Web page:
The combination of this freedom with a growing experience and expertise obviously took Lush onto a new creative plane. So obviously, in fact, that the pressure was immediately back on to break America. Now the touring became back-breaking and repetitive. During yet another US tour - this time with the perhaps inappropriate Gin Blossoms and Goo Goo Dolls - even the fans began to ask why the band were playing so often. The frustration and bad feeling within the band grew inexorably. Acland, ordered to rest by his doctor, returned to his parents' home in the Lake District. Anderson, dissatisfied with her current position, called a meeting and announced her departure. "It was total overkill," says Anderson "I felt like a product being shoved down people's throats. It felt soulless."
"Everyone was sick of touring," says Berenyi "and Emma said she didn't want to go through anything like the Lovelife experience ever again. She thought we should continue without her ('Well, look at Suede') but I said no way. Things were left at that with no definite decision. Being the eternal optimist, I believe it was rocky but it would have continued, gone in a totally different direction. Then two days later we heard about Chris."
Up in the Lakes - horribly, terribly - Acland had hanged himself. "For me," says Berenyi "That was the end. There was no way on earth I could have gone on with Lush without him, because I always firmly believed that without his benign influence Emma and I would have torn each other apart years ago. Not to mention the obvious fact that he was one of my closest friends ever and there was very little else I wanted to do without him, for that matter. So I guess to Emma the end was aready in sight. For me personally, it was Chris's death, and Chris's death only that finished Lush. I enjoyed being in the band immensely, I'm glad I did it. But that really was a full stop, his personality was such a major part of the band."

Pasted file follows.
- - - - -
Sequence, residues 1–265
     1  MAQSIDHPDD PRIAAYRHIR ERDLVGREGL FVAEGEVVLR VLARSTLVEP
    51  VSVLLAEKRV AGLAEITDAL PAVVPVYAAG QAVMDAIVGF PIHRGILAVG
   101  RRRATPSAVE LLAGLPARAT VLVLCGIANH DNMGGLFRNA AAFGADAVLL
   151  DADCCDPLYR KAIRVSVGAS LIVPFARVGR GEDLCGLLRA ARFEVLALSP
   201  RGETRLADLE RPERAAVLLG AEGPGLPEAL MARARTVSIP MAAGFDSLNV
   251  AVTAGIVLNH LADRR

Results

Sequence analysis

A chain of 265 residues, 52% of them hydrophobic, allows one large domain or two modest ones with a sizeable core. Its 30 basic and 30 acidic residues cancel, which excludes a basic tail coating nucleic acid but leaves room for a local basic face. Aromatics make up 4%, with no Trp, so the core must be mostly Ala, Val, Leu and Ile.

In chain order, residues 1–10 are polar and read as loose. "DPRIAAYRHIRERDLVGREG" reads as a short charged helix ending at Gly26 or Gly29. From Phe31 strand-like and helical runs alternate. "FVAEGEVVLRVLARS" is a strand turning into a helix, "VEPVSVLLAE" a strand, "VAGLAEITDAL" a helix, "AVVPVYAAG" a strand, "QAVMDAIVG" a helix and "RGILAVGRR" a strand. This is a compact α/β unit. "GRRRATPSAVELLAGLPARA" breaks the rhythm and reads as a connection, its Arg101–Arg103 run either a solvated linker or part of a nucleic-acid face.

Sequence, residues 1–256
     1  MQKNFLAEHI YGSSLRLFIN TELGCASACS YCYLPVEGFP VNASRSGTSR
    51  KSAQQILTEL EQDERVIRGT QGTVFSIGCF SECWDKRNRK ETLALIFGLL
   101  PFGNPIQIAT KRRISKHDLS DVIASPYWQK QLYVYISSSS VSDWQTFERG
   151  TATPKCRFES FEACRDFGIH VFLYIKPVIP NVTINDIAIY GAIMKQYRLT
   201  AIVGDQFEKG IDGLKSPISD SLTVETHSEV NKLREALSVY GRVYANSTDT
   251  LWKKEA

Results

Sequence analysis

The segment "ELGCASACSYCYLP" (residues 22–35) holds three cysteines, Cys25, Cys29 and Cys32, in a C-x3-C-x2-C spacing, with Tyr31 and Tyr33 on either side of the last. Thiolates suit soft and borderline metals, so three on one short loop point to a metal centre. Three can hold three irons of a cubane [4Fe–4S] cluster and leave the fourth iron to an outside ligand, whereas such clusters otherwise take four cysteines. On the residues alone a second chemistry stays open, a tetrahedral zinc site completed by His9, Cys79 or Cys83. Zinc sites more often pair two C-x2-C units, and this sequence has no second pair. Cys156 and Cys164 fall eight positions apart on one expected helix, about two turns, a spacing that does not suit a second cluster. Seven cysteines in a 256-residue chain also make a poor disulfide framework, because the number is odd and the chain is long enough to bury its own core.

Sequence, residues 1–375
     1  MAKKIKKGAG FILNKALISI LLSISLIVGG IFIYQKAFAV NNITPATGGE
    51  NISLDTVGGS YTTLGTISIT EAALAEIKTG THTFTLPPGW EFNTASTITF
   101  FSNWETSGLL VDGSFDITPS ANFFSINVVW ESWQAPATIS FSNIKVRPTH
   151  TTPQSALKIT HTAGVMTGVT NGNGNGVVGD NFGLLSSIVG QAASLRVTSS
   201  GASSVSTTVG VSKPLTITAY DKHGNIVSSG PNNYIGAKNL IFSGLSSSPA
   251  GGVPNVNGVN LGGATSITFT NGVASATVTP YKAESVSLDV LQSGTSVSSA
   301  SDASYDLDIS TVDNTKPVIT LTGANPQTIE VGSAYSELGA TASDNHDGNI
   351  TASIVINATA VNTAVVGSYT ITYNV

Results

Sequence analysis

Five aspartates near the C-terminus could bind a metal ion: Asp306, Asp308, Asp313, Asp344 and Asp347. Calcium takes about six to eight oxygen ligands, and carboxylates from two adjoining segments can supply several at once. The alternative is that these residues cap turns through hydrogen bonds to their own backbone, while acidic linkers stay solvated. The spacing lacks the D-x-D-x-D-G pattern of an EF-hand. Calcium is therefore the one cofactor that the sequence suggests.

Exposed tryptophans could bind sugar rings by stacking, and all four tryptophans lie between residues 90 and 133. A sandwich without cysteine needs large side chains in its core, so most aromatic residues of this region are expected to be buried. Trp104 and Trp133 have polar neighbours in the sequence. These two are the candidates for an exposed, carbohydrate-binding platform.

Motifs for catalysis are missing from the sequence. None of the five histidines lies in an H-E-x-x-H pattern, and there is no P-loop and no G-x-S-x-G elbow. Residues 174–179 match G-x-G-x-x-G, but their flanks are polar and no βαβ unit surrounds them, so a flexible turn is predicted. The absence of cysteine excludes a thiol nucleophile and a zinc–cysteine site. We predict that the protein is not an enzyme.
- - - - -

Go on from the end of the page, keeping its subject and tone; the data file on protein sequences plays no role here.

It should have come as no surprise that Acland's death finished Lush. Privately and professionally, in their joyful celebrations and their painful (and far more frequent) self-examinations, they were in the business of living life, really living it. Such a tragedy, the loss of their life and soul, could only serve to drain the fun from their adventures. The fun, of course, is vital to the Lush story. It was a raison d'etre and, incredibly, held them back as the UK was gripped first by grunge melancholia and then by po-faced, swaggering Britpop.
Their talent and their exuberance though had already made a difference. Particularly in the States, where their music was deeply respected and their lyrics - often moving, rigorous and earthy appraisals of themselves and their relationships, their nature and nurturing - were a motivating force for female songwriters. As well as being accidental icons (the best kind), Lush also made exceptional music: classic pop, fiery punk, soaring ambient and a modern, lilting folk. It can be harrowing - fun or fraught, these are recognisably real life experiences. But it's all worthwhile, all of it. And few bands could truthfully say that.
- Dominic Wills
At the booklet's end there is a dedication:
to the memory of Christopher Acland. Forever loved, eternally missed and always remembered with a smile.